Two covid-19 vaccines approved in UK for potential use as booster shots
The Oxford/AstraZeneca and Pfizer/BioNTech covid-19 vaccines have been approved as safe and effective for use as a third shot by UK regulator the Medicines and Healthcare Products Regulatory Agency (MHRA). But a general booster campaign has not yet been recommended by the body that advises the UK government on who should receive vaccines, the Joint Committee on Vaccination and Immunisation (JCVI). “This is an important regulatory change as it gives further options for the vaccination programme. It will now be for the JVCI to advise on whether booster jabs will be given,” June Raine of the MHRA said in a statement.
The JCVI met yesterday to discuss results from a large UK trial called COV-Boost, comparing the results of giving seven different vaccines as booster doses. So far, the JCVI has only advised third shots for people who are severely immunocompromised – which it says are not boosters but top-ups, as this group may not have had strong immune responses to the first two jabs.
Meanwhile, Sarah Gilbert at the University of Oxford, who helped develop the Oxford/AstraZeneca vaccine, has joined those saying a mass booster programme is not yet needed in the UK, and that supplies should be directed to low-income countries. She told The Telegraph that evidence suggests immunity is “lasting well”.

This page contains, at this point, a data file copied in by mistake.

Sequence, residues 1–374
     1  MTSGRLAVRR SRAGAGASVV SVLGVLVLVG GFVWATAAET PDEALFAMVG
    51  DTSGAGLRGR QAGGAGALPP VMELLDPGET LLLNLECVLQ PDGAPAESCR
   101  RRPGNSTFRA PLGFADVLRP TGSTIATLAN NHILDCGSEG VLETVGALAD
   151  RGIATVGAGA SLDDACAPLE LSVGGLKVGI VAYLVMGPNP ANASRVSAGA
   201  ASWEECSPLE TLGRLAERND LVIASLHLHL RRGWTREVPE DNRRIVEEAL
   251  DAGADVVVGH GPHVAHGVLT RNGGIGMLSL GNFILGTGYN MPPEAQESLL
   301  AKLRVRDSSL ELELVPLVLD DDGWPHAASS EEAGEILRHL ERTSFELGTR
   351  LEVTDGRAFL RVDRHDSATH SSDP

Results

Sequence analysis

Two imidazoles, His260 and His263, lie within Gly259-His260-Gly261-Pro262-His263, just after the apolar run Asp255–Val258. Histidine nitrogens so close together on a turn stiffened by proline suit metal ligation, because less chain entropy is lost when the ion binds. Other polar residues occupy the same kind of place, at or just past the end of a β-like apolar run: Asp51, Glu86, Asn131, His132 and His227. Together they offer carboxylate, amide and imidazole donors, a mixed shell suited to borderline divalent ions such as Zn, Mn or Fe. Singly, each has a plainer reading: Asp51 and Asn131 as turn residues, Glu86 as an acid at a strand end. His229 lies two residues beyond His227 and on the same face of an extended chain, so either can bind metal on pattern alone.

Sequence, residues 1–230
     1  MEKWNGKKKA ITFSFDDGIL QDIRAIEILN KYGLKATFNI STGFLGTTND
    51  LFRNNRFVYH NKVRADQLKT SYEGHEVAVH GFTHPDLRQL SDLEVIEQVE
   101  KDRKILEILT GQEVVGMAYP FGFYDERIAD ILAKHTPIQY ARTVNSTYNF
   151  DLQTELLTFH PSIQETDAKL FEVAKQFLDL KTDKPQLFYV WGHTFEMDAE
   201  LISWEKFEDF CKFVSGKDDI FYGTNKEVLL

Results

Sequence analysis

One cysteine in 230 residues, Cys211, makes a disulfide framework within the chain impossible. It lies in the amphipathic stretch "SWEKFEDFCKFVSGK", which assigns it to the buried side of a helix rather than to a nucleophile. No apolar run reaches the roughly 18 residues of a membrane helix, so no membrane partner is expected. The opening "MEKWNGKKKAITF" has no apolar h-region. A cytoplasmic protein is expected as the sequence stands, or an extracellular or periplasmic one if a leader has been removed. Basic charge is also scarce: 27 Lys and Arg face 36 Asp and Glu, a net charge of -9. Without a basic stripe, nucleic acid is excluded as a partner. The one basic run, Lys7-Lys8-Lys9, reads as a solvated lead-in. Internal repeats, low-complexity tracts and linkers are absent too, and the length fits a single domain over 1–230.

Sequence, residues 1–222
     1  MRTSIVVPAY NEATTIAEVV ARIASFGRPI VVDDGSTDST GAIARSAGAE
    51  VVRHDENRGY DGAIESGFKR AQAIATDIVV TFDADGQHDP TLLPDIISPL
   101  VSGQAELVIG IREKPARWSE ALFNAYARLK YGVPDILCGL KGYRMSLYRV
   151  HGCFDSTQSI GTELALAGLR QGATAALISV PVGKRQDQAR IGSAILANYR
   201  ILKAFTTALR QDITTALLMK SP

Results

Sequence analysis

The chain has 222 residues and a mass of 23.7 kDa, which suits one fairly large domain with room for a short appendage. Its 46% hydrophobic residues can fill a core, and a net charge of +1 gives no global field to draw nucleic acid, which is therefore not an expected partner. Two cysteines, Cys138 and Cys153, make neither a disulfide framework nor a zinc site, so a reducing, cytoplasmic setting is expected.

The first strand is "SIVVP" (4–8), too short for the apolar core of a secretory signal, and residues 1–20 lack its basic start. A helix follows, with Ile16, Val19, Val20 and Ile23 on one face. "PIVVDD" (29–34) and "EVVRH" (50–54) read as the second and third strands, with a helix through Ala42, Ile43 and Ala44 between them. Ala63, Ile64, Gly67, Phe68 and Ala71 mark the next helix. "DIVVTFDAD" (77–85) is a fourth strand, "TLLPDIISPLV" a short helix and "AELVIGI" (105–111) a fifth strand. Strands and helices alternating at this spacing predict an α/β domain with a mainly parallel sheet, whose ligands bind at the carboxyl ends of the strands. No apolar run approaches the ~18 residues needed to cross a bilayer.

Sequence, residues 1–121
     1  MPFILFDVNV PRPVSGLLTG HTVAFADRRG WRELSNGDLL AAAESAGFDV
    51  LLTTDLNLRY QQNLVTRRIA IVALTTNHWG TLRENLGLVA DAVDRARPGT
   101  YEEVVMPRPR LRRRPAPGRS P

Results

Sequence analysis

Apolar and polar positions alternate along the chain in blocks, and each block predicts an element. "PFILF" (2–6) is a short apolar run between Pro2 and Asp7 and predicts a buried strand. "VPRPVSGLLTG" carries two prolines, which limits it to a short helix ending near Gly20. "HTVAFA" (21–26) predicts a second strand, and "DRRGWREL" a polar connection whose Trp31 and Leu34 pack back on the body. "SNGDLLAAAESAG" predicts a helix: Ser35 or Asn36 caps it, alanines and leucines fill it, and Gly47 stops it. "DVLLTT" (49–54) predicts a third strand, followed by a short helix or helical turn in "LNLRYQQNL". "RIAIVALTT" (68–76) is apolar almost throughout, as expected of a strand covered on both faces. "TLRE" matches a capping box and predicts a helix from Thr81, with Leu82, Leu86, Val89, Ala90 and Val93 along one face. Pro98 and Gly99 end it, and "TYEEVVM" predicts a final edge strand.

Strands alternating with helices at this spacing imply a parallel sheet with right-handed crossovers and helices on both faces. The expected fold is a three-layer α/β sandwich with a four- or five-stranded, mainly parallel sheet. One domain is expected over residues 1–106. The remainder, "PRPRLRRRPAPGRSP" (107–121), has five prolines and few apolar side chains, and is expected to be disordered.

Other coronavirus news
The US will introduce strict new rules on vaccines that will affect 100 million working people, about two-thirds of the country’s labour force. Yesterday President Joe Biden said firms with more than 100 employees will have to ensure their staff are either fully vaccinated or take weekly covid-19 tests. And vaccination will be mandatory for federal government workers, contractors for the federal government and healthcare staff in settings that receive federal reimbursement. “The bottom line: we’re going to protect vaccinated workers from unvaccinated co-workers,” Biden said at a press conference. Meanwhile Scotland is set to introduce vaccine passports for nightclubs and sports events from 1 October.
A simple blood test could identify who is most at risk from developing severe covid-19 early in the course of infection. The test measures levels of antibodies against substances released by dying blood cells.
Major airlines are giving out inaccurate information about covid-19 testing requirements to their passengers, according to an investigation by Which? In seven of 15 calls from investigators posing as customers, agents gave wrong answers, including some that would have seen passengers turned away at the airport.
An auto-immune condition called Guillain-Barré syndrome has been added to the list of very rare side-effects from the Oxford/AstraZeneca vaccine by the European Medicines Agency. The EMA says 833 possible cases have been recorded out of 592 million doses given.
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